As a former officer, you have led in times of crisis and pandemic before, what's different about this pandemic crisis?
A crisis is defined by the scale and speed of events – they say you know you're in a crisis when your worst-case scenario becomes your best-case scenario within a working week – but what also distinguishes a crisis is a personal component. In a pandemic, we fear for ourselves, for our family; we fear something we cannot touch or see; we fear for the economic uncertainty that it brings with it.
The fact is, for this pandemic, the likelihood of serious illness or death is very low indeed – the case fatality rate of COVID-19 is nothing like that of previous pandemics such as SARS, Avian Flu, or Ebola; but that does not stop us from being afraid. And this personal component is something that leaders must consider, acknowledge, address, and take steps to alleviate. Those leaders that fail to demonstrate this empathy may find themselves short of followers in the post-COVID world.
But the rate of infection of this pandemic is alarming. What we do have to acknowledge, therefore, is the possibility of bereavement to someone in our wider work and family networks – and the potential upset and distraction that this brings with it. We must acknowledge the potential negative impact of the current situation on some peoples' mental health. And we must anticipate and plan around the economic damage that is already being wrought.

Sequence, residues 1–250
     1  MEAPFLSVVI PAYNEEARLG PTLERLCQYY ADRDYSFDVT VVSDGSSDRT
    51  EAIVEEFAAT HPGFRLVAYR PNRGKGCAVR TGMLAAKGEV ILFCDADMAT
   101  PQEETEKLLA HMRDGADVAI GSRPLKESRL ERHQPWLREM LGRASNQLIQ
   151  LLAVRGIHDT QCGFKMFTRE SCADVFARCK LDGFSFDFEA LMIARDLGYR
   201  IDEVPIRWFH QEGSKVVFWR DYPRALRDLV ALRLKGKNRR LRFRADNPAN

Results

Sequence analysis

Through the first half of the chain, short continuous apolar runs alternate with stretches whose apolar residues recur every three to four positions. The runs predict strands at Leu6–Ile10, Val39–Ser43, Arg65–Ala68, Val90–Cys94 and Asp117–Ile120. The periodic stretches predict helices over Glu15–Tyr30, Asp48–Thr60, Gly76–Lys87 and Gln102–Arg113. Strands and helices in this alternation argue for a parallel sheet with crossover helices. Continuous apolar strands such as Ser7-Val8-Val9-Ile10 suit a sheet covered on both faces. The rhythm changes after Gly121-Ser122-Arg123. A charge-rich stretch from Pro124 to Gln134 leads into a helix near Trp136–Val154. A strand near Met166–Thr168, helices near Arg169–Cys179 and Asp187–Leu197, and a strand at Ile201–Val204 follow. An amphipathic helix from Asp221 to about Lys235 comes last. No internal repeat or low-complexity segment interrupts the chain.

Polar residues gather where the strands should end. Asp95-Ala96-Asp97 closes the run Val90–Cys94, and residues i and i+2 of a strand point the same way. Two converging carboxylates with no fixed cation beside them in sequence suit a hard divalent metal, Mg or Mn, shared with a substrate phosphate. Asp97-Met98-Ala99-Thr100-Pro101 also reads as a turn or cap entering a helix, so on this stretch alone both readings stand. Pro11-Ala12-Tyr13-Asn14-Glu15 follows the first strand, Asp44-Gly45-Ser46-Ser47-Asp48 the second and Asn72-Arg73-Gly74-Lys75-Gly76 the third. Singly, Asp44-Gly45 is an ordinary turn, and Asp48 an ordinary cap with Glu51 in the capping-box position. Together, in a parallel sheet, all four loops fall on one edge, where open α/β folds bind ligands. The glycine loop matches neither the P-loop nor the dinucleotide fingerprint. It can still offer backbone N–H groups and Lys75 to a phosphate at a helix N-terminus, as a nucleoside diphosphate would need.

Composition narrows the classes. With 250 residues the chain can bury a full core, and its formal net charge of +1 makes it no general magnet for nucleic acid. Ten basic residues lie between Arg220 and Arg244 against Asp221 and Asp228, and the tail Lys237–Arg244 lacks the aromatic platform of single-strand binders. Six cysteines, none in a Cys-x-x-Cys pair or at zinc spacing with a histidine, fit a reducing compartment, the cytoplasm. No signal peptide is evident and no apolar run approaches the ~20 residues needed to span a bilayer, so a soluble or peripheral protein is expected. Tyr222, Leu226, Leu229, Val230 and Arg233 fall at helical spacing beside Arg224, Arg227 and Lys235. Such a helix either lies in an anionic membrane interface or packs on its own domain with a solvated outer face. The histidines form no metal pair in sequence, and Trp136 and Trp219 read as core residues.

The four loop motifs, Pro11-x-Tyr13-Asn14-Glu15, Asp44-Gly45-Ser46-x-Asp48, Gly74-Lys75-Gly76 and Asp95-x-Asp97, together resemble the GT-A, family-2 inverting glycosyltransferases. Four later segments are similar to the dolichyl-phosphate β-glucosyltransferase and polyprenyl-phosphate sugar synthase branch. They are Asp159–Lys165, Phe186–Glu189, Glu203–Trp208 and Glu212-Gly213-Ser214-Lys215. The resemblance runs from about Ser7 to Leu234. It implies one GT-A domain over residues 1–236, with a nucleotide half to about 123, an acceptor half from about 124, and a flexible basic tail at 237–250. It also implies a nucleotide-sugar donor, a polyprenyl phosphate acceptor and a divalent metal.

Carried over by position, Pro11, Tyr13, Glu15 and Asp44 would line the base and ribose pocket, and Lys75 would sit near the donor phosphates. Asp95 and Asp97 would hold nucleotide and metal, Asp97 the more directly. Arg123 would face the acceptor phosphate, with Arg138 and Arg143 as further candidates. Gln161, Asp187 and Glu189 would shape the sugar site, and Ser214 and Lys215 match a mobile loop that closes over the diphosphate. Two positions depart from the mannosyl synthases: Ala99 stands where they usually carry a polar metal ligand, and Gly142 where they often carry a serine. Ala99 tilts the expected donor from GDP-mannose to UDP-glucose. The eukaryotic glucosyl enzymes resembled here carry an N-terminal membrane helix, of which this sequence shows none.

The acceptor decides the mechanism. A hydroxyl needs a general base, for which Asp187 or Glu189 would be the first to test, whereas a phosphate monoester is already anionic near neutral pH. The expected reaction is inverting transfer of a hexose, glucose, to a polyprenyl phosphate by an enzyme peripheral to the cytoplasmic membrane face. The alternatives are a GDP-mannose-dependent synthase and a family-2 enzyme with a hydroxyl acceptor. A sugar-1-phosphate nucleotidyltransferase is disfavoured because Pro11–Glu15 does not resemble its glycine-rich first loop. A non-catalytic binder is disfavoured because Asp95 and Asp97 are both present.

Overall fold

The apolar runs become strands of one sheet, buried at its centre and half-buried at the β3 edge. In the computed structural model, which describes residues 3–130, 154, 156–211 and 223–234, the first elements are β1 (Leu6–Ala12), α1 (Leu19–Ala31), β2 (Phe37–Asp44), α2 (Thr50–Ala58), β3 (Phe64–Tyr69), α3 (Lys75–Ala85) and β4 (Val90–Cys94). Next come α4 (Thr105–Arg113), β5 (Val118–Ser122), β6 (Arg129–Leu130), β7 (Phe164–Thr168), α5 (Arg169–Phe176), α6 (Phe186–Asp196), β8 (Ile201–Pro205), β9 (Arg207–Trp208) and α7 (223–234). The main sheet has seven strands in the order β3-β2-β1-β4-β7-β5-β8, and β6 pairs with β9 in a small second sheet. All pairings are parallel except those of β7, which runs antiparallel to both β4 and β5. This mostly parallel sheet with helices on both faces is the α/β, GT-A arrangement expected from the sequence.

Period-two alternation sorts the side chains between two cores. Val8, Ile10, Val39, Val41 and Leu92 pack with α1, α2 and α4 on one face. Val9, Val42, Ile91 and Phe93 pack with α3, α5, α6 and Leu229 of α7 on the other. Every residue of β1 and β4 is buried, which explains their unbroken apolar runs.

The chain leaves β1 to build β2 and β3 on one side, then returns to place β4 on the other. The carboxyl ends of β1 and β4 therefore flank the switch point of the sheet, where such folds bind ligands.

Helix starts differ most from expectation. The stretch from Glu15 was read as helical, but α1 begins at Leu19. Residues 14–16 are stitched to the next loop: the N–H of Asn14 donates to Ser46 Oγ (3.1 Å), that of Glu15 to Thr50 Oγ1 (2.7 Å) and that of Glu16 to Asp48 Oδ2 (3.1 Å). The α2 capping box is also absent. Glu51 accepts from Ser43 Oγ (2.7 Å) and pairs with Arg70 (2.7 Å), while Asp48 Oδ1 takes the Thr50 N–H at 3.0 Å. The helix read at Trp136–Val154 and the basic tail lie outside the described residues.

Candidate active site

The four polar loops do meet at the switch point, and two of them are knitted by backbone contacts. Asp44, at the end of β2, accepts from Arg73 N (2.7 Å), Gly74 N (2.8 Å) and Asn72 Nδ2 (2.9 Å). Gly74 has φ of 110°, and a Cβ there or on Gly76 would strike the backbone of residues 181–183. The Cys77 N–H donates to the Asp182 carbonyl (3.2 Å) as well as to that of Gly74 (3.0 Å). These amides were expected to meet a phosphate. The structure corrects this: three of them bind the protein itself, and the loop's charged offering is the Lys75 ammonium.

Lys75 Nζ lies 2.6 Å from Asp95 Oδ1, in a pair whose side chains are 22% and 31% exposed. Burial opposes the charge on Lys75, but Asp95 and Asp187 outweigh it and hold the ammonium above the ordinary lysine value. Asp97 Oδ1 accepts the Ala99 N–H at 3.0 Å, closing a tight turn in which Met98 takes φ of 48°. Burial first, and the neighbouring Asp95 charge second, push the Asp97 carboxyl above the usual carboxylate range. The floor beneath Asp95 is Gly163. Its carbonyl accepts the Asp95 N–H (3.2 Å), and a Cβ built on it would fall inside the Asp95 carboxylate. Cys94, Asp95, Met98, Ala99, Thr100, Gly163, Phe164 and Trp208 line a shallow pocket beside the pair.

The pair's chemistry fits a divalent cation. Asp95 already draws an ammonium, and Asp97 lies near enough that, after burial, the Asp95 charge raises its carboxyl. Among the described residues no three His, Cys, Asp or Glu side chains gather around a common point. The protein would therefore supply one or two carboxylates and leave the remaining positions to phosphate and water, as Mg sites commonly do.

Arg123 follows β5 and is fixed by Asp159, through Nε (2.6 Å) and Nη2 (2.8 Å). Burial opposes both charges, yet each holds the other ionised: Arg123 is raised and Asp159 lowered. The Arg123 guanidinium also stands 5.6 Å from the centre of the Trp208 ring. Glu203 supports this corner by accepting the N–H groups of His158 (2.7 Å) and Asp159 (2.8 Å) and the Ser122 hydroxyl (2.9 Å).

What should CEOs do in time of crisis, what should their priorities be?
In a professional services firm like SKAGEN, a CEO is not particularly useful day-to-day. My team know what to do and they don't need me to tell them, or to get in the way. But in a crisis, a CEO needs to get busy, to get ahead of the developing issues, to adjust to making decisions without the full facts being available, and to get used to making mistakes and then recovering from them, quickly.
The first responsibility of the CEO is to set the command and control that will address the crisis, in this case a pandemic. This might be the normal management team, but it will likely also include other expert input. It's best to separate normal business from crisis response.
The second responsibility is to activate the required information networks. The normal CEO network is unlikely to be optimised for pandemic response. New and relevant data and advice is vital. CEOs must identify the information critical to likely decisions and find verified and corroborated sources of it, and fast.
Above all, the CEO must communicate, to clients, to colleagues, and to their families. And truth, competence, and optimism must underwrite this communication.
We're now approaching a period where some lock-down measures are being eased, what is your focus now?
My work is currently directed towards three overlapping areas: operating during the pandemic; adapting to the pandemic; and planning for the post-pandemic world.
Operating during the pandemic